No work of art is more beautiful, more valuable, more irreplaceable, than the twenty-third psalm. It has stood through the ages as a work of art more exquisite than The Night Watch, more faultless than Mona Lisa, more thought-provoking than Starry Night. The lines of the greatest poets cannot match its imagery, the words of the greatest theologians its profundity. Credentialed academics may wrestle with it, yet young children can understand it. It is read over cradles and cribs, over coffins and crypts, at births and deaths, at weddings and funerals. It is prayed in closets, sung in churches, and chanted in cathedrals.
This psalm dries more crying eyes, raises more drooping hands, and strengthens more weakened knees than any man or angel. It tends to every kind of wound and ministers to every kind of sorrow. To trade it for all the wealth of all the worlds would be the worst of bargains. I’d have rather penned the twenty-third psalm than written Hamlet, than painted Sunflowers, than sculpted The Thinker, for when Shakespeare’s play has been forgotten, when Van Gogh’s painting has faded, when Rodin’s sculpture has been destroyed, David’s song will remain. We impoverish ourselves if we do not read it, do not meditate upon it, and do not treasure it. We weaken ourselves if we do not drink deeply of it in our deepest sorrows.
David’s great psalm employs the simplest of images—that of a shepherd and his sheep—and assures of the greatest of truths—that God is forever present with his people. “The LORD is my shepherd” he says so simply, “I shall not want.” Because the LORD is his shepherd, this sheep can have confidence that he will never lack for any necessity, for the shepherd loves his flock and will faithfully attend to their every need. When they are tired he will make them lie down in green pastures, when they are thirsty he will lead them beside still waters, when they are downtrodden he will restore them, when they are lost or uncertain he will lead them in the right paths. The sheep can rest in peace under the shepherd’s watchful eye, they can be assured of every comfort under his tender care.
But sometimes fields go barren and springs run dry. And in such times the good shepherd knows just what to do, he knows he must lead his sheep to fresh pastures and to cool, still waters. Yet he also knows the way will be difficult, for these pastures and waters lie on the far side of a dark valley. So he calls his sheep to himself and begins to lead them into the darkness, to lead them along an unfamiliar path.
And here, on the edge of uncertainty, sheep says to shepherd, “Even though I walk through the valley of the shadow of death, I will fear no evil, for you are with me.” Though the shepherd must lead his sheep into the darkness, lead them through an unknown valley, they will go, for he is with them. Their fears are soothed by his strength, their uncertainty by his presence. When enemies approach he will ward them off with his rod, when sheep stumble he will lift them with his staff. The shepherd who leads them in will lead them through and lead them out. And soon enough sheep and shepherd will emerge into the light on the far side of their darkness. And there again they will settle together for rest and refreshment. There again they will dwell in sweet peace.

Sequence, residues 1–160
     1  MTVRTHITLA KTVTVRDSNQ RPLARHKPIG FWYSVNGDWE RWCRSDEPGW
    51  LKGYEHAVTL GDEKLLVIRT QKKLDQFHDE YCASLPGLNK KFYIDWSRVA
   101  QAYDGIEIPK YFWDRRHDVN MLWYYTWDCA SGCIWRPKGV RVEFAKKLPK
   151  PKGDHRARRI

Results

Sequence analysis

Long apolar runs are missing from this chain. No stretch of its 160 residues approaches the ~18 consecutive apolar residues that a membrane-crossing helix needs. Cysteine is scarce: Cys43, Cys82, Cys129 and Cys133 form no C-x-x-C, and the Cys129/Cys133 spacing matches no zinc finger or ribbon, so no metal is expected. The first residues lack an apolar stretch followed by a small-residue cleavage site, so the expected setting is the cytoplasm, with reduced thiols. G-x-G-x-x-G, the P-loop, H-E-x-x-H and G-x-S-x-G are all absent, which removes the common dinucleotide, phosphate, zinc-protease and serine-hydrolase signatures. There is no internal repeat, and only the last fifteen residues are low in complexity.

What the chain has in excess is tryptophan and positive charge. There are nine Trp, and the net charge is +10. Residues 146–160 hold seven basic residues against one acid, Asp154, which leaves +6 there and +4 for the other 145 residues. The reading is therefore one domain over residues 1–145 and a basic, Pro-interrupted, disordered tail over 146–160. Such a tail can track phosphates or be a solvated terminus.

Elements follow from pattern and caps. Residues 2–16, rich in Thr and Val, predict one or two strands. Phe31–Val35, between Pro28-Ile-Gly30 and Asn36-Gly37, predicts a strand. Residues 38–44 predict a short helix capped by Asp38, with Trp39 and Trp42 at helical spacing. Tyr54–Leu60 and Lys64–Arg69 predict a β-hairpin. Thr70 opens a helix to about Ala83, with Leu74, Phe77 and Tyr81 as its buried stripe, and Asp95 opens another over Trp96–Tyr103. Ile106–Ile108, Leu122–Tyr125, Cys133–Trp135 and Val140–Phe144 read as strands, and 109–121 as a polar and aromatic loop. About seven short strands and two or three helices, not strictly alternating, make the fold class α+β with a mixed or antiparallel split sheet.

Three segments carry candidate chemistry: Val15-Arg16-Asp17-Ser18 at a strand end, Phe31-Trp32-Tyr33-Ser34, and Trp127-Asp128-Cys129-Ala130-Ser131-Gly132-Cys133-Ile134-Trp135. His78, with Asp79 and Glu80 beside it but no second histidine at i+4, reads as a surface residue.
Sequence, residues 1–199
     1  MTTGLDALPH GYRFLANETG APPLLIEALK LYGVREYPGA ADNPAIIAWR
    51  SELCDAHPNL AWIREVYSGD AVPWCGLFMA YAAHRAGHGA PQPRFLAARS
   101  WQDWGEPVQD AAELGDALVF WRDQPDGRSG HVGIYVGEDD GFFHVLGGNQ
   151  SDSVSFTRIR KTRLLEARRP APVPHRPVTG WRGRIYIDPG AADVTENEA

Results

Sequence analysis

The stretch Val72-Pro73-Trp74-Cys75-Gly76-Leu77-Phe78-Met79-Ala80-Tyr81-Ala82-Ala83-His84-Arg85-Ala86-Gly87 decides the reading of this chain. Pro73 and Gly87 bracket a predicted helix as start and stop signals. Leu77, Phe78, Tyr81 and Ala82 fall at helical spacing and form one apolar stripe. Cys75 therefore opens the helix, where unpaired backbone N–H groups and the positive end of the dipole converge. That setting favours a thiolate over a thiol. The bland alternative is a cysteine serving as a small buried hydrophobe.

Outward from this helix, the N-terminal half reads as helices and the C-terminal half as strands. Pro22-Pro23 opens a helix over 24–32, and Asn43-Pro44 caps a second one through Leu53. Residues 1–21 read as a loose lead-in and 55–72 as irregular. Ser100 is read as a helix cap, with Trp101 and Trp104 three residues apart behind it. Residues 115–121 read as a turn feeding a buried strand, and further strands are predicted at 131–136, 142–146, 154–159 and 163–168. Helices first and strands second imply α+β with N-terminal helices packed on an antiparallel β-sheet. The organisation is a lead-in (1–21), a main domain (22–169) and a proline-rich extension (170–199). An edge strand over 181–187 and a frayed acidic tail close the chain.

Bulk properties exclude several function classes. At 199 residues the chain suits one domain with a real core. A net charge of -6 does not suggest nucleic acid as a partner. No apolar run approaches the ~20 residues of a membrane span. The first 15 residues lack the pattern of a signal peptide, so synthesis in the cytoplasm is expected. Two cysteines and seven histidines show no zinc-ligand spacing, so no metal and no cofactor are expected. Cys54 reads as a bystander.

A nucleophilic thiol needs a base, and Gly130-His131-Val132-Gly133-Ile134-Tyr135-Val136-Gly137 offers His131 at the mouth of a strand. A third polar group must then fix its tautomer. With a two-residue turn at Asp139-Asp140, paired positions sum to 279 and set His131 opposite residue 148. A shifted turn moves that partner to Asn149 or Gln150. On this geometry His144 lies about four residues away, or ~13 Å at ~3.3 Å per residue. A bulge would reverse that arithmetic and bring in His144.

What comfort there is in the knowledge that the shepherd who tends his sheep by still waters is the very same shepherd who tends them in the valley of darkness. The sheep do not foolishly blunder into that valley, they are not led there by wily wolves or chased there by hungry bears. They are led there by their loving shepherd, they enter there only according to his good plan and perfect purpose. They enter the valley only because it is for their benefit, only because the shepherd is leading them to something better beyond. They are never for a moment alone, for they are always following him.
My shepherd has called me to walk a difficult path—a path of sorrow, a path of grief, a path stained by tears. The way is uncharted to me but familiar to him, for he sees the end from the beginning, he has known from ancient times the things still undone. He speaks to the darkness and declares, “My counsel shall stand, and I will accomplish all my purpose.” I can have in him all the confidence of a sheep in his shepherd. I can follow him, knowing that “surely goodness and mercy shall follow me all the days of my life, and I shall dwell in the house of the LORD forever.”
And I will follow him, singing this song in the darkness, meditating upon its truths with every step. I’d rather face my trial with David’s psalm in my heart than with Aaron’s staff in my hand, with Joshua’s army at my side, with Solomon’s gold in my pocket. I’d rather know the words to this one song than of all the great hymns of the Christian faith. I’d rather lose everything with my shepherd beside me than gain the whole world alone. Yes, I can bear the loss of my son as long as I know the presence of my shepherd. I can walk this path, I can pass through this dark valley, if only my shepherd guides me, if only he leads the way.
Inspired, in part, by Beside Still Waters by J.R. Miller